Sunday, August 21, 2011

Consider it a Classic

Kri Kri Studio: Celebrating 20 years of production in 2011

 Still in use! Sake cup from 1991  
pinched by hand with date inscribed

         In the beginning I pinched all the sake cups, rice bowls and mugs by hand! 
Today, all my originals for the plaster molds are still fashioned in the same way, but slip casting multiples is far more efficient and the results are lighter in weight and more uniform. 
        Over the years I've acquired tools to facilitate production, yet it is surprising how many steps and how much hands-on work still goes into each individual piece. Once upon a time, there were employees at Kri Kri Studio. Today, it is only me. Fortunately, I have come to enjoy the strategy of producing large orders and, having gained a pretty good understanding of the processes involved, become quite efficient at it. Equally important, the quality of my work has gone up. My designs and products are continually evolving. Creating at Kri Kri Studio remains my passion and I still think it’s still fun.

Here you see my pouring table full of mug molds that have just been filled with slip, and tipped out. They are sitting on the wooden  rails of the pouring table. The table is designed to let the slip drain from the molds, through the rails and through a hole in the basin, into the bucket below. That slip can be re-used and recycled.
waiting to become firm

After the slip has stiffened up enough not to tear, I have carefully removed these "skins" from the molds and will later trim them to mug height.
notice the wooden measuring block and palette knife for cutting

While I was waiting, I made the handles which are rolled out from a damp ball of clay. They will need to firm up before they can be attached to the mugs.

Timing is critical each step of the way. Moving too fast will cause things to warp. Wait too long and your pieces will crack or break when you do the final shaping or attaching.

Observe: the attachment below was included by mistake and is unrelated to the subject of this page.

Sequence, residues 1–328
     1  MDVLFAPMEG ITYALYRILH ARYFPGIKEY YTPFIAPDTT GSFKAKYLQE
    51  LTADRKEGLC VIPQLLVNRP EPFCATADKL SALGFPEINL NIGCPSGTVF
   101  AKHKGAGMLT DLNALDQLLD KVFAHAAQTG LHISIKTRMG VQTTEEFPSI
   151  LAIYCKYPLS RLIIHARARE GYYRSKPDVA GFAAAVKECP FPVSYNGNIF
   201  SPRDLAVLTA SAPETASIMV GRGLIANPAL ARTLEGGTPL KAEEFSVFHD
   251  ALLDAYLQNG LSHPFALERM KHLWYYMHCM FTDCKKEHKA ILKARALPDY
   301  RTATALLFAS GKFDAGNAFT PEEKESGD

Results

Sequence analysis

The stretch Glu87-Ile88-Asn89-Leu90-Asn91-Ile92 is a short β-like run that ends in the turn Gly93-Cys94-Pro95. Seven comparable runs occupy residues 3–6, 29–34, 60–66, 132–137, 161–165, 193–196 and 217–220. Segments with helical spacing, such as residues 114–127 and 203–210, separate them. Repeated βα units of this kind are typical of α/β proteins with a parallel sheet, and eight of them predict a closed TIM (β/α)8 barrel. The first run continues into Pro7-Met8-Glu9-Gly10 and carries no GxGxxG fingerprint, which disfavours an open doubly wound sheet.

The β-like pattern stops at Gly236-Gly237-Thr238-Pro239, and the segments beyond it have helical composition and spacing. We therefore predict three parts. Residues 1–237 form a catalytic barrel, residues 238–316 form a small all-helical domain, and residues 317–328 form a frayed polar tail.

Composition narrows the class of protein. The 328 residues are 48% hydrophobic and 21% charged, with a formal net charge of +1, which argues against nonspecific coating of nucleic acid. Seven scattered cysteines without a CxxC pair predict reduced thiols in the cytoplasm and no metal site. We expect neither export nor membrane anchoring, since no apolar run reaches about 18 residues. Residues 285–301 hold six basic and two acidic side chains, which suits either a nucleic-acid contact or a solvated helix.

painting 3 coats of under glaze

It will be a few days now until these pieces are dry enough to sand and sponge so that they can be painted with under glazes and then be decorated.
At last, they are ready for the bisque firing which will remove the chemical water and make the item hard. I've painted the black trim on handle and rim as well as decorated the mug with a kri kri creature by trailing black slip with a squeeze bottle.
mug without trim or decoration and decorated, unfired mug
The firing in my electric kiln takes just inder 24 hours. This includes cooling down time.

this green coat will become clear gloss when fired!
 The final step to a finished product is the gloss glazing. I dip items like mugs and bowls into a bucket of glaze. For the flatter things, such as plates,  I brush 2 to 3 layers of gloss glaze onto each side. The glaze layer should dry overnight before firing the item. 

 Glaze firings take slightly less time but are similar to bisque firings. They must cool down even more slowly to avoid cracking. Opening a glaze firing is always exciting. One unloads the shelves layer by layer and if all went well there is a new batch of juicy ceramics to behold!  Now, how long did that take? I'm not sure either. But one would be hard pressed to make a mug in a week!


Anonymous said...

That's amazing! We enjoyed reading about the process. Your work very original and beautiful.

Unknown said...

I found one of your hearts from 1999 in a teen center and bought it as fast as I could. You love to send you a picture.

Unknown said...

I found one of your hearts from 1999 in a teen center and bought it as fast as I could. You love to send you a picture.